ABC and Yahoo are expanding their partnership to include a daily segment on “Good Morning America” built around personalities from Yahoo, broader distribution of clips from ABC shows and special programming contributed by Yahoo global news anchor Katie Couric.

The deal is designed for both sides to expand the reach of their content as media audiences become more splintered. Couric’s involvement would also seem to put to rest speculation that the former “Today” anchor might be heading back to NBC amid the shakeup at NBC News.

ABC and Yahoo struck a digital alliance in 2011. The expansion of that relationship is expected to be announced Thursday during “GMA.”

“We see it as a bet on the mobile future,”James Goldston, president of ABC News, told Variety in an interview conducted in his office at ABC News’ New York headquarters. “We just want to make sure that our journalism is in front of as many people as possible and that we are reaching out to a new generation in all the ways they want to consume content. We think this will help us tremendously.”

The ABC News-Yahoo alliance is one of many new efforts that have traditional purveyors of news teaming up with experts in digital distribution in a bid to keep their content in front of a rising generation that increasingly turns to mobile, digital and social outlets to scan the latest headlines and even conduct deeper research of current events. NBCUniversal, for example, has made investments in Re/code, the tech-news outlet owned by Revere Digital, and Now This News, a provider of short-form video through mobile and social-media outlets. In 2013, Pew Research Center found via a survey extrapolation that 82% of Americans said they got news on a desktop or laptop and 54% said they got news on a mobile device.

Citing data from comScore, the companies said their alliance reaches over 129 million people across the partners’ combined digital platforms every month. Now, the deeper collaboration will mean ABC News content will be seen more frequently across Yahoo and be featured more prominently, said Colby Smith,  VP of ABC News Digital. Executives expect the pact to more than double ABC’s traffic.

The  deal will for the first time incorporate other types of ABC content. Special clips from shows like “Scandal,” “How to Get Away with Murder,” “Grey’s Anatomy,” “Pretty Little Liars,” “Jimmy Kimmel Live,” and “Dancing With the Stars,” will be available on Yahoo Screen and Yahoo TV. “We’re happy that the fans of our shows will now be able to have access to them through Yahoo with this enhanced deal,” said Paul Lee, president of ABC Entertainment Group, in a statement.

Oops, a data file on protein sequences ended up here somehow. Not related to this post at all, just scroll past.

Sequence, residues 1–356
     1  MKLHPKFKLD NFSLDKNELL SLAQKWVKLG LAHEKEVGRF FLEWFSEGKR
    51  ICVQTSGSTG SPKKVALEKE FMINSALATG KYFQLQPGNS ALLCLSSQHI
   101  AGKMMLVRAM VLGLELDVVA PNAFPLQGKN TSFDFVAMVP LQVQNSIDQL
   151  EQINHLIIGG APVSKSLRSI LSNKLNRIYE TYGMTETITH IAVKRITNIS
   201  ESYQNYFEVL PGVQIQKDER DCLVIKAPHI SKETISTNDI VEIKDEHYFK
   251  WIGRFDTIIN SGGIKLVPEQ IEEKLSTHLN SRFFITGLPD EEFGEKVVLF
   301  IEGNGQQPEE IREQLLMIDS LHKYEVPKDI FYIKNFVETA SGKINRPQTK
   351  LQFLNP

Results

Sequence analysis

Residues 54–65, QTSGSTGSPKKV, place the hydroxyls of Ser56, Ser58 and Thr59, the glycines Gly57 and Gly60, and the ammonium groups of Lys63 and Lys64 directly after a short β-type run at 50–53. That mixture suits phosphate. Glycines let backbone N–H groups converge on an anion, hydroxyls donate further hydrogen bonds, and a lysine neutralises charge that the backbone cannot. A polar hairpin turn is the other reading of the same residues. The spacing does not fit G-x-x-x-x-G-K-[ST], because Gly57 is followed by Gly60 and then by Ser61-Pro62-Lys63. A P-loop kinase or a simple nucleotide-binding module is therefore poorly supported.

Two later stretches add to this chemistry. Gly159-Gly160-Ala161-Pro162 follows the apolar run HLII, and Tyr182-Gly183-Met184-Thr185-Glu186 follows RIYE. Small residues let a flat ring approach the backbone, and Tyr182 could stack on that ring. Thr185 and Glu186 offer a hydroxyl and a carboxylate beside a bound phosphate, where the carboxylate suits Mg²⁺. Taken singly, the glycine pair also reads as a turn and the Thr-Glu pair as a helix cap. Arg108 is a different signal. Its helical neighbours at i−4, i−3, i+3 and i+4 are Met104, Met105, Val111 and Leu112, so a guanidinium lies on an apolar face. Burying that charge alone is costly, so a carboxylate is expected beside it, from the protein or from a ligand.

For Yahoo, the pact brings a new spotlight on the company’s growing content efforts. Yahoo last year began to launch a series of digital magazines centered around topics like food and technology in a bid to increase its share of advertising dollars. Starting March 16, “Good Morning America” will in its last half hour air a daily segment called “Yahoo Your Day” that features Yahoo editorial personnel, including Joe Zee, editor in chief of Yahoo Style; Bobbi Brown, editor in chief of Yahoo Beauty; Michele Promaulayko, editor in chief of Yahoo Health; and Kerry Diamond, editor in chief of Yahoo Food.

“We look forward to sharing their magazine content in a fresh new format every morning on ‘Good Morning America’,” said Kathy Savitt, Yahoo’s chief marketing officer and head of media, in a statement. Images from Yahoo’s Flickr photo-sharing app will be incorporated into the morning program’s weather reports, and Yahoo’s Tumblr blogging platform will be featured in GMA’s “Social Square” pieces.

Couric, who recently had a deal as a contributor to ABC News, could see her Yahoo reports as well as original productions appear on ABC, Goldston said. “Most of the time there will be a Yahoo part of it and a broadcast part of it,” he said. “They may be from the same interview, just put forward in different ways.”

But he also said Couric could contribute pieces to shows like “Nightline” and even produce original specials for the network as part of the agreement. “You can expect to see her bring all kinds of exclusive interviews and some of the in-depth things that she has been doing.”

The first pact between Yahoo and ABC News was believed to have lasted about three years, with some of the intervening time devoted to negotiations. Goldston and Smith declined to comment on terms of the first agreement or the current one.